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Learn2 Drive a Stick Shift
(9 steps)


Some parents issue their 16 year-olds a live 2torial, screeching "More gas! More gas!", while pushing their young protege's knee - and the gas pedal - toward the floor in the middle of a busy street. Other parents figure what they don't know won't hurt them. But no matter how old you are, if you already know how to drive an automatic transmission, the distractions of driving won't add to the challenge. Don't worry: driving a stick shift is sort of like riding a bicycle--only time and practice stand between confusion and second nature.

Why bother? Because manual transmissions (those that require stick shifts) usually get better gas mileage than their automatic counterparts. And because you control the gears, acceleration and hill climbing will prove more effective. Also, downshifting can save wear and tear on your brakes and provides more control in icy or rainy conditions.

Caution: This 2torial is intended to be supplemented by instruction from a knowledgeable driver. Do not drive unsupervised until you have been tested by a competent adult (if you can find one). Also, know that there may be some additional wear and tear on the clutch during the learning process.

Before you begin

Know your way around. A manual transmission demands that the driver shift the gears instead of the engine. Most cars have four or five forward speeds, as well as reverse. In order to master the process, you need to know the following:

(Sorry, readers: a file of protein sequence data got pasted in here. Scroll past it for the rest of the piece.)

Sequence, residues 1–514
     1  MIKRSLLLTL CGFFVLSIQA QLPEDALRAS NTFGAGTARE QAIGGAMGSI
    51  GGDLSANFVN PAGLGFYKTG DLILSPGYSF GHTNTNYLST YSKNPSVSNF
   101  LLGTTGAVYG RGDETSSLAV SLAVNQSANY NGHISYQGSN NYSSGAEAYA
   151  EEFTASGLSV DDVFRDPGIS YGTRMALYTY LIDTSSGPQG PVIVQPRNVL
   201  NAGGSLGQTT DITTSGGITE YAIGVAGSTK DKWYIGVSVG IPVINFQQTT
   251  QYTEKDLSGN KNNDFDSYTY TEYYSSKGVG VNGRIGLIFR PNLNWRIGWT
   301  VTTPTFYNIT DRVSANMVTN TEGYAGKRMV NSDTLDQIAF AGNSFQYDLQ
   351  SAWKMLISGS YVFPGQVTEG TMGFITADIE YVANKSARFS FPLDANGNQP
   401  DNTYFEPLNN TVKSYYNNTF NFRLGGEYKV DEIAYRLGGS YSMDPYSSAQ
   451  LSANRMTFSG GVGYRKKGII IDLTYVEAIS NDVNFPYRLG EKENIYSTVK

• The clutch pedal is located at the far left and is used when moving up or down from one gear to another. The clutch is disengaged when the pedal is pushed to the floor.


  • Neutral is not a gear; actually, it is the absence of gear. When the engine is running in neutral, you can rev up the engine, but you won't go anywhere. You'll also be able to wiggle the shifter back and forth - which you can't do when engaged in any gear.


  • For most cars, second gear is the workhorse. It will get you up (and down) steep hills as well as through congested downtown.


  • Reverse gear is somewhat different from the others: it's got more range than, say, first gear, but doesn't like going for too long or too fast. So, don't back up around the block to pass the time.


  • The gas pedal (at far right) works with the gears to give the engine power at different levels. As mentioned before, if you press on the gas pedal while out of gear, you will only rev the car up: this is how 50's hot-rodders showed their toughness. But if you over-accelerate with the clutch partially engaged, you'll eventually wear it out.
   Go to Step 1 of 9

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Step 1: Learn the Gears
Step 2: Start it up
Step 3: Protect the clutch, yourself and the car
Step 4: Find the G spot
Step 5: Now try downshifting
Step 6: Learn the subtleties of reverse
Step 7: Win the hill challenge
Step 8: Remember the parking brake
Step 9: Practice these scenarios

  • A car with a manual transmission
  • A driver's license (or permit if accompanied by an adult)
  • A parking lot or low-traffic road


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